So Mary McCarthy felt compelled to start a new periodical in 1952, for reasons that, as paraphrased by Nelson, will sound depressingly familiar:
In liberal magazines like the “Nation” and the “New Republic” anxiety about the “security” of their “beleaguered” position “[drove] them to suppress, like military censors, any facts or ideas that might tend to support the enemy’s side.”
Those same liberals reviled Arendt’s frank, unenthusiastic perspective on school desegregation, “Reflections on Little Rock“ (1957), leading her to shoot back:
Recent developments have convinced me that…the routine repetition of liberal clichÃ©s may be even more dangerous than I thought a year ago.
We conservatives sneer at the left’s tendency toward “self-congratulation as a basis for social policy,” so it’s startling to hear all these long-ago liberal women decrying the same thing.
Yet Nelson assures readers that none of them ever defected to the right, in the manner of (male) peers like Podhoretz and Horowitz:
When the social movements of the late twentieth century recommended the healing power of empathy as the glue of solidarity and the fuel of progressive politics, Arendt and McCarthy recoiled, not from the goal of social justice, from the path of it.
It became fashionable in my youth to praise artists, particular female ones, for their “generosity of spirit,” a pleasant-sounding expression I confess I still don”t quite comprehend. Likewise, my “serious” writing is regularly described by generous souls as more “compassionate“ than it really is. And Nelson looks askance at the latter-day detection of “empathy” and other ameliorative motives supposedly underpinning Arbus” photographic “practice.” (As she calls it. Yes, alas, Nelson insists on deploying that species of academic jargon and cadence that reduces even genuinely profound observations to the sound of a hollow stick banging an empty drum in a vacant room. Whereas Rosemary Dinnage managed to write a similar book, Alone! Alone! Lives of Some Outsider Women, without so much as a smidge of this lingo.)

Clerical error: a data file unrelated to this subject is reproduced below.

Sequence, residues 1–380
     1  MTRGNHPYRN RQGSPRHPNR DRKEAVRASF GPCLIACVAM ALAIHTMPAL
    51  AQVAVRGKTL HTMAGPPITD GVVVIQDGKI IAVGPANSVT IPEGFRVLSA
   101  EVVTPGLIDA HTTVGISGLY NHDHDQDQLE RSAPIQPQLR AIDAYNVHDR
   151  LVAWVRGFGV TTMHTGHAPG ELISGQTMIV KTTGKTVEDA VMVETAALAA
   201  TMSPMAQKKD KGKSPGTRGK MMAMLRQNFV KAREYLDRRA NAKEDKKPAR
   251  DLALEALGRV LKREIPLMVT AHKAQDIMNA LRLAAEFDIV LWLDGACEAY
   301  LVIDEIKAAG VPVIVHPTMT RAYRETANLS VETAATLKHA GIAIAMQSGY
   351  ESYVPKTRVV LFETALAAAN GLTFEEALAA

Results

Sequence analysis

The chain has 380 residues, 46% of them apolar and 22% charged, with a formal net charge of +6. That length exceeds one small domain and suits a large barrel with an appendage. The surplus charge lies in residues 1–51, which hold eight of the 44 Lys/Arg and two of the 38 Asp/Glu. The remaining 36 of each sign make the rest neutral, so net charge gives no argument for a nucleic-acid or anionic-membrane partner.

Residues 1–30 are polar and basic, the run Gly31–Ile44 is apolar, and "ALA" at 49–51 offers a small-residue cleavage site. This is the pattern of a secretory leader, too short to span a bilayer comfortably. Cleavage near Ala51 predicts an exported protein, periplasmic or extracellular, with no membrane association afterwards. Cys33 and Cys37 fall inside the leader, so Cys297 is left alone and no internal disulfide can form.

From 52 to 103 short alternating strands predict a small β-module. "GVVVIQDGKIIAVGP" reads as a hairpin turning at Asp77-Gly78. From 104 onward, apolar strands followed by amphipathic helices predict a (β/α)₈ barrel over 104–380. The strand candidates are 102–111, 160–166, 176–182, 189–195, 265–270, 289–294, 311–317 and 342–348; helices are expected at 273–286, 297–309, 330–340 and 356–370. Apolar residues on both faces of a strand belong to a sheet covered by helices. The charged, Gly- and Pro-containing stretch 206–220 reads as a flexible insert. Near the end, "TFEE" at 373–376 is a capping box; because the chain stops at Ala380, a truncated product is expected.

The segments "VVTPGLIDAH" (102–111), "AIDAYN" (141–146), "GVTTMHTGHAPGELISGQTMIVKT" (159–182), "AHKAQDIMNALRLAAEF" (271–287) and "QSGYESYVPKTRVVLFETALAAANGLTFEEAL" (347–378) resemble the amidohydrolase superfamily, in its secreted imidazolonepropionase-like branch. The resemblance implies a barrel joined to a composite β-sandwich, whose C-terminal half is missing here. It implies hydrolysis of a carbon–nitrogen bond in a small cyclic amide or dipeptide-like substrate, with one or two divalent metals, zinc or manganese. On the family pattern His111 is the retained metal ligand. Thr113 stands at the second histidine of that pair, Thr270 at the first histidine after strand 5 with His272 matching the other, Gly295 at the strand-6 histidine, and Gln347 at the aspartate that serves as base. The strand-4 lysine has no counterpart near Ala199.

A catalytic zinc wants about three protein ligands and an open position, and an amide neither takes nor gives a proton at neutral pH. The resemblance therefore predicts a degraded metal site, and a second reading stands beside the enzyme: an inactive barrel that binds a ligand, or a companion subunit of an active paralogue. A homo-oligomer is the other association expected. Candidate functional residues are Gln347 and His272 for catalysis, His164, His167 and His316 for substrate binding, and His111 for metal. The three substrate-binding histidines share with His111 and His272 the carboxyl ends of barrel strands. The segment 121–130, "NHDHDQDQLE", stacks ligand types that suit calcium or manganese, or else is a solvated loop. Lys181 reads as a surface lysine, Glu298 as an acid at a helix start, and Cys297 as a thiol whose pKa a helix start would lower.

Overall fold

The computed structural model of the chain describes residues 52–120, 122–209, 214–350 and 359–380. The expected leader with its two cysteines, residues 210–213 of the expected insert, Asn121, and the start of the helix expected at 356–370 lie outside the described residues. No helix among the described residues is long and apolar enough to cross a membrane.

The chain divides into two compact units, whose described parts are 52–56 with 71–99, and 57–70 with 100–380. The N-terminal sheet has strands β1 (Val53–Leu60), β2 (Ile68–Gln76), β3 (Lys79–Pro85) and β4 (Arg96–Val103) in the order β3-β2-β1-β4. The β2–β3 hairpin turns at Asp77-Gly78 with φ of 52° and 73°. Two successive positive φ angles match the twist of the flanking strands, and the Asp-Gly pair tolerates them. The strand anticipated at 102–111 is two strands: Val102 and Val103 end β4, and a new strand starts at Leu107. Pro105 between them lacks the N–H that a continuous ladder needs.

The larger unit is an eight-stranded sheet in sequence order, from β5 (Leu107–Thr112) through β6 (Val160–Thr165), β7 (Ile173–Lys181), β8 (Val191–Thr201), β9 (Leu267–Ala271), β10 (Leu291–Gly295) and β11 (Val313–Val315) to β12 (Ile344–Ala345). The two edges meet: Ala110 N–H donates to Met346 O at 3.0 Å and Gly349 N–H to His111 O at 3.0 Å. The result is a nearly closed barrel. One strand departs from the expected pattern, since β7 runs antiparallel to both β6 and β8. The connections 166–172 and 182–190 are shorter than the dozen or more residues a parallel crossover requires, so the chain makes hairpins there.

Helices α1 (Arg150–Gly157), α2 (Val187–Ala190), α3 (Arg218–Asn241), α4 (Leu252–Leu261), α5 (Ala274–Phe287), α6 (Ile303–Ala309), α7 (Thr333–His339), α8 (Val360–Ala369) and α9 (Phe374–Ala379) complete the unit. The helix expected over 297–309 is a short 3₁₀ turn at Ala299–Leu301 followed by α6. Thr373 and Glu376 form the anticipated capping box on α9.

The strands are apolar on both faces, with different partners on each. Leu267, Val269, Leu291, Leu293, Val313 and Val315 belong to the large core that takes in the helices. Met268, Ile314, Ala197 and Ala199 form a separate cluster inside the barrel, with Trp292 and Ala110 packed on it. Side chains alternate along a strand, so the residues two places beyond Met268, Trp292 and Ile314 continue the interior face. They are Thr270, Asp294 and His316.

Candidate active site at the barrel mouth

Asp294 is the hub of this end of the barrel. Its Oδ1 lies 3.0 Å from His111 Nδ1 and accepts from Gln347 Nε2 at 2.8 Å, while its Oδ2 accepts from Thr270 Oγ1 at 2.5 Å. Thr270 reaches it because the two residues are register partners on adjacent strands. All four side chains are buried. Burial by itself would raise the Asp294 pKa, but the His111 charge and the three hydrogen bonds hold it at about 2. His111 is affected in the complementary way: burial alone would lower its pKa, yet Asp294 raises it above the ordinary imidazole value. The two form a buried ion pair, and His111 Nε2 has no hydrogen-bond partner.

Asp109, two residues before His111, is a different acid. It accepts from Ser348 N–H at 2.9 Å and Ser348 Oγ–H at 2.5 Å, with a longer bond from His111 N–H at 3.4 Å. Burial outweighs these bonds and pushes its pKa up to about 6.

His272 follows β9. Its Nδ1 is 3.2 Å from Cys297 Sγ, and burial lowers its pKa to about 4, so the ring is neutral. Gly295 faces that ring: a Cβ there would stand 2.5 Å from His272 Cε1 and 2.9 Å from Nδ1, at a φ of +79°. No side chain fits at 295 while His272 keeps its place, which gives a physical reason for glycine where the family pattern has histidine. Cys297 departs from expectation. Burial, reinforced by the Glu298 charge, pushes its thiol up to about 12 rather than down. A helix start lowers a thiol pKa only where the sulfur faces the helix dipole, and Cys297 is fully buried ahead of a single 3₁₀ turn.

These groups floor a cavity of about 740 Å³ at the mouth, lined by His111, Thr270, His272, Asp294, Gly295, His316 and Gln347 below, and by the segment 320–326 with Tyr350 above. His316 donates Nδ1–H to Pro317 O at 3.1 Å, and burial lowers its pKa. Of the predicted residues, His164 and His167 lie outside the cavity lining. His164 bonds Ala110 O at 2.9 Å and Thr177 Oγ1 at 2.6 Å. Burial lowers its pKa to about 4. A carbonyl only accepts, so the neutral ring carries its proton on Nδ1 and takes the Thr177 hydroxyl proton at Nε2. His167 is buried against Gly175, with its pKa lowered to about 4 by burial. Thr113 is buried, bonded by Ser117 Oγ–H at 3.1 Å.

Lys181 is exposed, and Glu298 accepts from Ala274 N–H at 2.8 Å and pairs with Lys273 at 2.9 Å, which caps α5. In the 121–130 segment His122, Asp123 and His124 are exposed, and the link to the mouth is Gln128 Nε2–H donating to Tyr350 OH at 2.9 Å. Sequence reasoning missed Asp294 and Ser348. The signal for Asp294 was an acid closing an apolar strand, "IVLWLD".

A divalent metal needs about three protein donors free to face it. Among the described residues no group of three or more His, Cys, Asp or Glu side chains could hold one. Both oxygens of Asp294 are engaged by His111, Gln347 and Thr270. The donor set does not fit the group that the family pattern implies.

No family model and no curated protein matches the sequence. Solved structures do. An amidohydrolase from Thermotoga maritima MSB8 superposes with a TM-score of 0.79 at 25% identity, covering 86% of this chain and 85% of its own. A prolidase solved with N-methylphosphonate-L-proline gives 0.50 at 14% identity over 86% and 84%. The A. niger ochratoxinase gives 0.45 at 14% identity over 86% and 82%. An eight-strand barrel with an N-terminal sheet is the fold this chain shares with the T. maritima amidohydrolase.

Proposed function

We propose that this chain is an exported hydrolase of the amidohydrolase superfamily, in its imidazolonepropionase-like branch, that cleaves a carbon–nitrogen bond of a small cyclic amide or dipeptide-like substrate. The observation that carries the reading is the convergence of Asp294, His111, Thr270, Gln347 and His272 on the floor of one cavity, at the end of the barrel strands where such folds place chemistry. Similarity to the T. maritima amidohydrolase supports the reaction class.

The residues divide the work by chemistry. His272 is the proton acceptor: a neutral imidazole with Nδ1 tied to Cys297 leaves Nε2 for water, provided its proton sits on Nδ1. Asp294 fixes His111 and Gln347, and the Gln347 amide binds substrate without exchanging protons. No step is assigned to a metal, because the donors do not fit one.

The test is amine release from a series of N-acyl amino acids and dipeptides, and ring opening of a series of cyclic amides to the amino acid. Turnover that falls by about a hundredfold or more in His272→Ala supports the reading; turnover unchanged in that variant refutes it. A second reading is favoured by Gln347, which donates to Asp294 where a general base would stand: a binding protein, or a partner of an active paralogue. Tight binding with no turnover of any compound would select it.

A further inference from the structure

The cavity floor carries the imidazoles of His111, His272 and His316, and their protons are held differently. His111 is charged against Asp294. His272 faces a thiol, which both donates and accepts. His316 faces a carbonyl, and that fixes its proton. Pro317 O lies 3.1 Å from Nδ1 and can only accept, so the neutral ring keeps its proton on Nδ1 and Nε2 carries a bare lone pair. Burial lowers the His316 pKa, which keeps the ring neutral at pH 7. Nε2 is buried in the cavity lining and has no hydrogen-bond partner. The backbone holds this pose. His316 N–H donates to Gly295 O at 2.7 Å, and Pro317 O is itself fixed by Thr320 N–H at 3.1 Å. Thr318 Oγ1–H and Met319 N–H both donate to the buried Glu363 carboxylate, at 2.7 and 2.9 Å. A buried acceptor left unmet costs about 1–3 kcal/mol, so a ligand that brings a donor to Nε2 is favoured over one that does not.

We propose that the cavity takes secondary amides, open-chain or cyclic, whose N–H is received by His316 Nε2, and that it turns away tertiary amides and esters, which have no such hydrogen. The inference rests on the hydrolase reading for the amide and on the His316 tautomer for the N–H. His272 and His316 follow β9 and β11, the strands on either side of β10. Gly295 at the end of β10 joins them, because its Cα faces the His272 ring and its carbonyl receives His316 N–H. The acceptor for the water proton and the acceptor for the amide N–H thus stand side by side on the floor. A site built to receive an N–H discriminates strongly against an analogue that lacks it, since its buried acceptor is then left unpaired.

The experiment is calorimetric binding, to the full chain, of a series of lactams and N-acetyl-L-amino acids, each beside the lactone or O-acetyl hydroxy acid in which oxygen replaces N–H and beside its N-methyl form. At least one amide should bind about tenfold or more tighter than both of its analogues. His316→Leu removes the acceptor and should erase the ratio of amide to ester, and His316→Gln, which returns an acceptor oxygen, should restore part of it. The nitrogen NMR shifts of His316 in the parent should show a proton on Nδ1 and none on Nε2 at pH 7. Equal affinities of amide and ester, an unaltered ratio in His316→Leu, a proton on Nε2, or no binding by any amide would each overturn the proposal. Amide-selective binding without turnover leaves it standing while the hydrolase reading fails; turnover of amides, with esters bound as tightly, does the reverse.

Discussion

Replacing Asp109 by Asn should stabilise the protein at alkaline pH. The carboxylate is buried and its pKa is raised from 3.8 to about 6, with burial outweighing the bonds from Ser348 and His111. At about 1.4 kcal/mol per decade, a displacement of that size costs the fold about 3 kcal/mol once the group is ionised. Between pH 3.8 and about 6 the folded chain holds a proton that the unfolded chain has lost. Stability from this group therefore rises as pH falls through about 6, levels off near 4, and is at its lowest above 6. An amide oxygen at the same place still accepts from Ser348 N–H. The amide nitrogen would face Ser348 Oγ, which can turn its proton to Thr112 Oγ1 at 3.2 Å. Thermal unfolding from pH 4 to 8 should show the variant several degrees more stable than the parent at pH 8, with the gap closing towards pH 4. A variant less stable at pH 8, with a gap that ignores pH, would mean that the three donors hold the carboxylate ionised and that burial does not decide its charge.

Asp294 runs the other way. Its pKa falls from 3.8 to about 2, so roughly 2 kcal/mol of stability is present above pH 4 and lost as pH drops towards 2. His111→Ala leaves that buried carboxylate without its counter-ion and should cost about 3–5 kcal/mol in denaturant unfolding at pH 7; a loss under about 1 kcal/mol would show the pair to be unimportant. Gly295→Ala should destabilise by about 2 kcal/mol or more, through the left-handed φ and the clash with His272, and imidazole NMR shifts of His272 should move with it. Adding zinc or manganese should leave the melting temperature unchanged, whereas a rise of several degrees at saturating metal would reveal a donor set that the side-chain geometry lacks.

Why, I wonder, can”t Arbus have been just a crazy, venal woman who wanted to take neat pictures of weirdos?
So clearly, I”ve failed the sensibility test. Long ago, in fact. One of the first things I did after I got lupus was buy Susan Sontag’s Illness as Metaphor (1978), written after the cancer diagnosis that had so discombobulated Woody Allen.
Sontag again defied societal expectations. Her book was more of a “natural history of cancer” than the customary First, You Cry, first-person pleure “illness memoir.” It was (and remains) a bracing read. But as I”d already discovered to my dismay when I was still an A-cup, I was, cerebrally speaking, no Susan Sontag.
My subsequent book about being sick was cover-to-cover self-absorbed screeching. No apologies.
Except, I guess, to Woody Allen. But then again, he’s not my hero anymore, anyhow.
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